Sent: Tuesday, May 9, 2017 1:44 PM
To: amelyachtowners@...
Subject: [Amel Yacht Owners] shipping across U.S. by truck, east to west

 

 

We are planning to truck our Maramu to Washington State. 

Has anyone had experience decommissioning an Amel for truck hauling?

Particularly, what is the best method to un-wire the mainsail furlling motor and outhaul motor and remove the wires?

Is it best to disconnect the wires from the solenoids in the forward head and pull them up and out of the boat and mast, or is it best to disconnect the wires from the motors and pull them down and out of the mast?

Any other decommissioning suggestions and tips would be appreciated.

Curt Epperson
Languedoc
1987 Maramu, #217

 


Re: [Amel Yacht Owners] Re: Creaking floor plate

Dean Gillies
 

Gentlemen,

Thanks for the input. Much appreciated.

 

Bill K,

I agree it is very interesting that such a minor creak in an Amel causes such consternation.  We also looked at Discovery and Oyster yachts in the 55 foot range which exhibited plenty of creaking floor plates. It was just considered normal. I guess that’s why we’re shopping for an Amel.

 

Bill R,

Joel has already provided us with assistance on other queries, but we are buying in Europe so it’s not really his territory. Unless of course it’s an American yacht selling in Europe, and we have not seen any of those for sale.

 

Cheers,

Dean

 

From: amelyachtowners@... [mailto:amelyachtowners@...]
Sent: Monday, 8 May 2017 6:11 PM
To: amelyachtowners@...
Subject: Re: [Amel Yacht Owners] Re: Creaking floor plate

 

 

Dean,

 

You are correct. The wood flooring extends from the solon down the passageway to the aft berth. Some of us, me included, were thinking about the Super Maramu with carpet in the passageway.

 

I do not know how that faux teak is applied in the passage way and if there is no obvious application, I would bet that it is attached with adhesive. 

 

If you consider this boat, I would certainly have the surveyor look closely in this area to determine why you have squeaking. One possibility, and if I am correct about the adhesive, maybe this area of the boat became wet. I would have the surveyor look closely there to eliminate that theoretical possibility. And, of course, more 54 owners may respond with better information. I have sailed a 54, but have not been aboard for long periods.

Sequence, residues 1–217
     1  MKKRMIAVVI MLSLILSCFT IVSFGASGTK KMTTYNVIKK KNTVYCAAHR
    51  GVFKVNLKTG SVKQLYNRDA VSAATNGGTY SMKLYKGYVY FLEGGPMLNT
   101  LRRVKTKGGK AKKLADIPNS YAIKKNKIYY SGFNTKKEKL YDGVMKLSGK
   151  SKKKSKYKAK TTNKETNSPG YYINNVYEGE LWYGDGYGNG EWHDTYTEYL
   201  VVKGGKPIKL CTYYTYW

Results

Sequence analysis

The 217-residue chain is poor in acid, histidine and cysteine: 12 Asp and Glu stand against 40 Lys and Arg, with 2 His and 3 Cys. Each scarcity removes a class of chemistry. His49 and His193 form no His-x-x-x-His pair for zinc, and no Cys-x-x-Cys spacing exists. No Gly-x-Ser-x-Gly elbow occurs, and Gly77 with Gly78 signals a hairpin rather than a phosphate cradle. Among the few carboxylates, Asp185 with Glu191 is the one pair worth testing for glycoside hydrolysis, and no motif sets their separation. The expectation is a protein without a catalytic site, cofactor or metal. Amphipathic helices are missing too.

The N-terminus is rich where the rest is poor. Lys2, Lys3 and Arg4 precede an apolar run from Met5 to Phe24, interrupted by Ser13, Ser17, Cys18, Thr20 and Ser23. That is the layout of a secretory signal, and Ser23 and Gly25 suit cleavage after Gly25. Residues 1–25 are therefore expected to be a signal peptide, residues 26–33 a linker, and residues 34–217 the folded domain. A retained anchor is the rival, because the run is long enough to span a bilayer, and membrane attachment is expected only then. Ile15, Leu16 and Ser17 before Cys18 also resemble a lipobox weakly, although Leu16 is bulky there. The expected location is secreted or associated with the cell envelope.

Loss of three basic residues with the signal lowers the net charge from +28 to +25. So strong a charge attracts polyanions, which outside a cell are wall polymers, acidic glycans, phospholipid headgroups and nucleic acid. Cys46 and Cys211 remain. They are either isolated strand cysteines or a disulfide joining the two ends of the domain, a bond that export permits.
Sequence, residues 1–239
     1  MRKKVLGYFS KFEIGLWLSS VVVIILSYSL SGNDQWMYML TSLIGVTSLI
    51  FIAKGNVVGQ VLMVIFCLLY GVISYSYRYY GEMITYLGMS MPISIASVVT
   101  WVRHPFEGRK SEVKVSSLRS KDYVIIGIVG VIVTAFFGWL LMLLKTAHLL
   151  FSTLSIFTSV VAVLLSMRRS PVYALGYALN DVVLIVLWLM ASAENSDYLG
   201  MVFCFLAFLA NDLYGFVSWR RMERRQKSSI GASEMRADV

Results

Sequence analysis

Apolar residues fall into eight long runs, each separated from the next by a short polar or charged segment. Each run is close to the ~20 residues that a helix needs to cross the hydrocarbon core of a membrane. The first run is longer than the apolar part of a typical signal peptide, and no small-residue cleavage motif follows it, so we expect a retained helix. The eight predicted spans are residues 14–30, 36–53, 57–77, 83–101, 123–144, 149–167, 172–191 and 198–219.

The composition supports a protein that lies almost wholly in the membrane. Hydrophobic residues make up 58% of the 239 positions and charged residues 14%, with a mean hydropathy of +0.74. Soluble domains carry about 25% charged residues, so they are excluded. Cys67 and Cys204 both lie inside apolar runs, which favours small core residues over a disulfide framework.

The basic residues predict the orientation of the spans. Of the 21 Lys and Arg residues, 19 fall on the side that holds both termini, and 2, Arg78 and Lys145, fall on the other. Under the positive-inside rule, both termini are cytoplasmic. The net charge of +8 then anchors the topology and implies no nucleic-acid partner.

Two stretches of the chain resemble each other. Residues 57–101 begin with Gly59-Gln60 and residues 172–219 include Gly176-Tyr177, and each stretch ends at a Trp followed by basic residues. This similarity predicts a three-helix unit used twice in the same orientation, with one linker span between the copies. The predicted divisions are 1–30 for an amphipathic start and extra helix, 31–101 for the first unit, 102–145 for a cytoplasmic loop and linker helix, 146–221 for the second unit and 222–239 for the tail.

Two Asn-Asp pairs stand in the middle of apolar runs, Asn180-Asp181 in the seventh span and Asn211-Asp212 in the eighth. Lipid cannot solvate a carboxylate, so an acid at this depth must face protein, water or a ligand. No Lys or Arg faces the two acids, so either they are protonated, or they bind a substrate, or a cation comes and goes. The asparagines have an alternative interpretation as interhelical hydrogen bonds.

I hope this helps you and good luck on your search. Have you worked with Joel Potter in your search? He knows more about Amels that anyone in the Americas, and has sold more Amels than anyone. He usually has a few of the best pre-owned Amels available for resale.

 

Best,

 

CW Bill Rouse
Admiral, Texas Navy
Commander Emeritus
Amel School 
www.amelschool.com
720 Winnie St
Galveston Island, TX 77550
+1(832) 380-4970

 

 

 

 

 

On Mon, May 8, 2017 at 10:26 AM, trifin@... [amelyachtowners] <amelyachtowners@...> wrote:

 

Gents,

There is no carpet in the passageway, it is a single board of teak/holly laminate flooring.

 

The creaking happens when walking on the floor board. The board is slightly warped and moves (almost invisibly) as you walk on it, rubbing against the wall panel on the side of the battery compartment. 

 

Cheers

Dean

 

ps this is the third time I've tried to "reply" using the group web interface. My replies just seem to disappear into the ether. 

 

 

 

 

Virus-free. www.avg.com

 


Re: [Amel Yacht Owners] shipping across U.S. by truck, east to west

James Alton
 

Curt,

    We are really glad to hear that you have decided to keep Laguedoc and take her home.  Joann and I also plan to make the trip up the inside passage to Alaska and think that the Maramu will be a great boat for the trip.

    As you know, I have not yet decommissioned and moved a Maramu by truck, but I have moved a lot of boats around some which were 60+ years old and pretty delicate with no damage.  They key to preventing damage is to keep the weight of the hull almost entirely on the keel and to use oversized well padded support pads to prevent any possible point loading.  It is also important to not set those pads up overly tight.  Even the big heavy trailers will twist a little on uneven ground and you don’t want that stress transferred to the hull and create a point load.  So long as the weight of the boat is almost entirely on the keel, the forces on the pads is minimal.  I cannot imagine that a hull meant to be be able to cross oceans would be damaged by trucking so long as the trailer is set up correctly.  Think about how much more area of the hull is supported by perhaps 24 square feet (6 pads 2’ x 2’ in this example) of pads versus the narrow strap used to haul the entire weight of the hull.  It is possible that our boat may someday make the same trip across the US to the PNW, so we will be following your progress.  If there is anything that we can do to help, just let us know.